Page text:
Brouwerij Van Honsebrouck
The beginnings of brewery Van Honsebrouck can be traced to Werken, where Amandus Van Honsebrouck (1811-1865) was mayor and ran a farmstead with dairy farm, brewery and distillery. He was married to Virginie Carbonnez with whom, like a good Catholic, he had no fewer than fourteen children, many of whom were destined to become active in the brewery trade.
For example, one daughter, Mathilde, married Hendrik Facon, a brewer in Ghent and Roeselare, while a son, Hypolyte, would become a managing brewer with Liefmans in Oudenaarde.
However, it was anotherson, Emile (1844-1929), who in 1865 took over the parental brewery at the age of twenty-one following the sudden death of Amandus. He succeeded his father not only as brewer, but also as mayor of Werken until the Liberals came to power in 1878.
In 1876, he married Ludovica Louise De Poorter, daughter of Franciscus, who ran a business in Ingelmunster which traded in cereals, coal and fertilizers. The brewery world was not unfamiliar to her: one of her sisters, Mathilde, and her husband ran Claerhout brewery in that same village. The young couple went to live on the parental farm in Werken. From the start, however, Louise and her mother-in-law did not get along, a situation which was compounded by the burden brought about by the thirteen still underage children.
Louise wanted at all costs to shake off the yoke of mother-in-law. She went to see her brother Fredericus, who was a curate in Vichte, to pour out her troubles. With his help, she set up her own brewery in Deerlijk, which would later become Demeester brewery (closed down in 1955). Her curate brother would bring in the customers. The brewery was not a success, however, because the innkeepers preferred the beer brewed by Lust in Kortrijk (closed down in 1967) or by the brewery in Stasegem. The brewery had no choice but to relocate to Toekomststraat in Kortijk. In 1900, Mr. and Mrs. Honsebrouck-De Poorter eventually purchased a small farm on the outskirts of Ingelmunster, Louise’s native village, and established their brewery there under the name Sint-Jozef.
The first settlement of what is now called Ingelmunster in Flanders was a nun monastery, founded by an English order. Indeed, the waves of invading Germanic tribes, starting at the end of the 4th century and flooding Western Europe, wiped out the Roman civilization and the first seeds of Christianity. Two German tribes, the Anglos and the Saxons, invaded and captured England. However, they didn’t make it into Ireland, Wales and Scotland, which remain three Celtic bastions.
It was Irish monks who brought Christianity back to England and Western Europe, starting in the 6th century. The Irish still claim today, that they saved Christian civilization. Anyway, the English Monastery gave its name to the village that grew around it: “Ingel” comes from English, and “Munster” is an old Flemish word for monastery. Older more romantic legends explained the “Ingel” word as being Flemish for angel, because the nuns sang like angels.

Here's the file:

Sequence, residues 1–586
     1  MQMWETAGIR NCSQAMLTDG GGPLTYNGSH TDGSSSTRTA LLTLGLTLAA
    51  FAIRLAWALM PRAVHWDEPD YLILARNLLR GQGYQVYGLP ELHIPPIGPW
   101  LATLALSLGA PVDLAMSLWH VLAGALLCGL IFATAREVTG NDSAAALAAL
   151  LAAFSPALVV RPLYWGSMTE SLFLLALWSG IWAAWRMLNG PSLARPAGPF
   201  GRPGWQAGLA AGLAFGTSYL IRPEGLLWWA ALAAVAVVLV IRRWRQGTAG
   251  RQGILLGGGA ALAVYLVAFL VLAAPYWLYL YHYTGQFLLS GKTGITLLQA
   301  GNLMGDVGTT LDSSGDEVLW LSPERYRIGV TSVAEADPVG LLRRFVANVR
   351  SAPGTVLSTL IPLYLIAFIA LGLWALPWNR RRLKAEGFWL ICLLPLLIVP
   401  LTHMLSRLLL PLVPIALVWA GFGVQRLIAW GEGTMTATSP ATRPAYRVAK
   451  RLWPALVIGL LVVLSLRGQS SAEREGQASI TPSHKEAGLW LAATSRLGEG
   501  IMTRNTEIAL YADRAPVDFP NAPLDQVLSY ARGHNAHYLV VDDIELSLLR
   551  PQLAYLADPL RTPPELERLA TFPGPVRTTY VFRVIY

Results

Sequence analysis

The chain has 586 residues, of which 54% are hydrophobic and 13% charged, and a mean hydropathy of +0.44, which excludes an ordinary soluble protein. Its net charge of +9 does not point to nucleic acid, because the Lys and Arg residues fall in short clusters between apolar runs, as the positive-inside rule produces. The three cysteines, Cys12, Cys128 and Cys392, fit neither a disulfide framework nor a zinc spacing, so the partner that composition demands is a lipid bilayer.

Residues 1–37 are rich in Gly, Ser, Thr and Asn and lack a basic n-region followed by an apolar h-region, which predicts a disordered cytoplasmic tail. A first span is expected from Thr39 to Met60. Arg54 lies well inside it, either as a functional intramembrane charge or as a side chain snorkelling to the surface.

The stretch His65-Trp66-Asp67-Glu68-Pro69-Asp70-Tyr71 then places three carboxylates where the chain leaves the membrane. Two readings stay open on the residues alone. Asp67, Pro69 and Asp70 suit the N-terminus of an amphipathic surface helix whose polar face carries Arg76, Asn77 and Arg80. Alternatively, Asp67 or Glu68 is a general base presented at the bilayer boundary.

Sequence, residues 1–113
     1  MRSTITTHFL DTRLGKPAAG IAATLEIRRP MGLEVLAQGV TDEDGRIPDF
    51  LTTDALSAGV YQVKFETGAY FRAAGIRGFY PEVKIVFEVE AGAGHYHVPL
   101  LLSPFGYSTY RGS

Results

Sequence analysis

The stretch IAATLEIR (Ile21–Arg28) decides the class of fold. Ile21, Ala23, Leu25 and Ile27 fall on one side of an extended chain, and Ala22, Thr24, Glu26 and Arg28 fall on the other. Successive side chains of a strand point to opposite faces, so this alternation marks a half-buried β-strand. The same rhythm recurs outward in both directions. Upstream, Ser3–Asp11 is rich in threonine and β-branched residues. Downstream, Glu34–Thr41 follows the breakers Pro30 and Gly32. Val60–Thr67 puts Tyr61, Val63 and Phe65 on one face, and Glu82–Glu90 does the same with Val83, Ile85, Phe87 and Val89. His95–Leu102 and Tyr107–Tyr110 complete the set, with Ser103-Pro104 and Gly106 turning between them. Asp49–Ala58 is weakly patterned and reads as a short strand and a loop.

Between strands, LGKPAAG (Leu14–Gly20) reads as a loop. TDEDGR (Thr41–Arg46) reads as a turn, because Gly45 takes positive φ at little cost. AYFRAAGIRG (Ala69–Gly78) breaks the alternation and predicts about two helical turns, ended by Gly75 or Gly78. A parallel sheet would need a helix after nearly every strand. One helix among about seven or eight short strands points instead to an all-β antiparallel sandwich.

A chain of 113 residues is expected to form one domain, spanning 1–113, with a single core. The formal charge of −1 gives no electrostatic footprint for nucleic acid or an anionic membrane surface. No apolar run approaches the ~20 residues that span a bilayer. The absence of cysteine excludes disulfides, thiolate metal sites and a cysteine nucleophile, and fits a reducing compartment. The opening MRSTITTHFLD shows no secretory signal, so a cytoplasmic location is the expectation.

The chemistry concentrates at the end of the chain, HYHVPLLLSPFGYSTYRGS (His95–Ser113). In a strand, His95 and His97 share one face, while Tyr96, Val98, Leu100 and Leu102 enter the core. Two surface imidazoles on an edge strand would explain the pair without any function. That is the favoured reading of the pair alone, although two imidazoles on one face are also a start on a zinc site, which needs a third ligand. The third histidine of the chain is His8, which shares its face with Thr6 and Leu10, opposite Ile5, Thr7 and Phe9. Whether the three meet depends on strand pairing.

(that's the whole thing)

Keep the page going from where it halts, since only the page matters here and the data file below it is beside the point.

Invading Vikings plundered and destroyed the monastery in the 8th century. The area is abandoned. It is the struggle against the repeat invasions by the Vikings during that century that creates strong Lordships along the European coast and along the rivers penetrating the main land. Such Dukes become the protector of the local populations.
In Flanders, the man who becomes the ruler of the land in the 9th century, is Baldwin the “Iron.” He is a merciless warrior and stops the Viking invasions by abducting and marrying an English Viking queen, who was already twice widowed. She gives birth to many of Baldwin’s children, and start the dynasty of the Dukes of Flanders.
During the 11th century, it is Robrecht de Fries, the reigning Duke of Flanders, who builds a large and sumptuous, stone castle with tall corner towers and surrounded by a broad moat on the lot where we find today the Castle of Ingelmunster. The site is strategically chosen on the crossing of the Mandel River and the one road between Kortrijk (South Flanders) and Bruges (Northwest), two important towns of the Duchy.
The castle holds it's status as an iimportant castle and power center during the next three centuries. It is called the “Key to Flanders.” During the religious wars in the late 16th century between Protestants and the Catholic Spanish army, the castle is ruined. Protestants end up North of what is now the northern border of Belgium. What is now known as Belgium ends up as part of the Spanish empire.
In the 17th century, during a succession of never-ending wars, Flanders becomes a battlefield between the powers of that time: France, Spain, Holland and others, with England opportunistically switching sides at will. The French completely destroy the “Castle of Ingelmunster” in 1695.
In the 18th century, a fortified, luxurious mansion similar to the estate houses in England, think Downton Abbey, and all over Europe is built on the site of the original castle. The moat is kept.
During two centuries, the mansion switches between several noble families, who adapt, maintain and expand the mansion. The two World Wars of the 20th century do not damage the “Castle of Ingelmunster.” The impoverished, last baroness sells the castle to the Van Honsebrouck family in 1986. Lots of work is done to refurbish and resurrect the beautiful structure and the 30 acre park.
Unfortunately, a large fire destroyed part of the castle and much of the interior in 2001. The Van Honsebrouck family has since rebuilt and refurbished the “Castle of Ingelmunster” to
its previous splendor.